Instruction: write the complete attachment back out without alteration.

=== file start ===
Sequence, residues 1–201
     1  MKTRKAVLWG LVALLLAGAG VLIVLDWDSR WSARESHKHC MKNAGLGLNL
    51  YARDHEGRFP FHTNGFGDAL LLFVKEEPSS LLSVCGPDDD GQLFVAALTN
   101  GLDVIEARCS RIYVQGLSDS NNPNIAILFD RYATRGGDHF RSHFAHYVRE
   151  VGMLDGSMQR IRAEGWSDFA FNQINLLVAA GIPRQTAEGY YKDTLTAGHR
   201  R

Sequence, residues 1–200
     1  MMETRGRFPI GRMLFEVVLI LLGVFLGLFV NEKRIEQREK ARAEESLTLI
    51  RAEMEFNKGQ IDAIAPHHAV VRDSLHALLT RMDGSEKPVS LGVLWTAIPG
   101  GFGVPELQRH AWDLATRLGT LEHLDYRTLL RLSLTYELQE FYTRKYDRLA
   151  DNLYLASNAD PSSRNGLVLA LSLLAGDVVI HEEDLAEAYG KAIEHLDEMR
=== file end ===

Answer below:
Sequence, residues 1–201
     1  MKTRKAVLWG LVALLLAGAG VLIVLDWDSR WSARESHKHC MKNAGLGLNL
    51  YARDHEGRFP FHTNGFGDAL LLFVKEEPSS LLSVCGPDDD GQLFVAALTN
   101  GLDVIEARCS RIYVQGLSDS NNPNIAILFD RYATRGGDHF RSHFAHYVRE
   151  VGMLDGSMQR IRAEGWSDFA FNQINLLVAA GIPRQTAEGY YKDTLTAGHR
   201  R

Sequence, residues 1–200
     1  MMETRGRFPI GRMLFEVVLI LLGVFLGLFV NEKRIEQREK ARAEESLTLI
    51  RAEMEFNKGQ IDAIAPHHAV VRDSLHALLT RMDGSEKPVS LGVLWTAIPG
   101  GFGVPELQRH AWDLATRLGT LEHLDYRTLL RLSLTYELQE FYTRKYDRLA
   151  DNLYLASNAD PSSRNGLVLA LSLLAGDVVI HEEDLAEAYG KAIEHLDEMR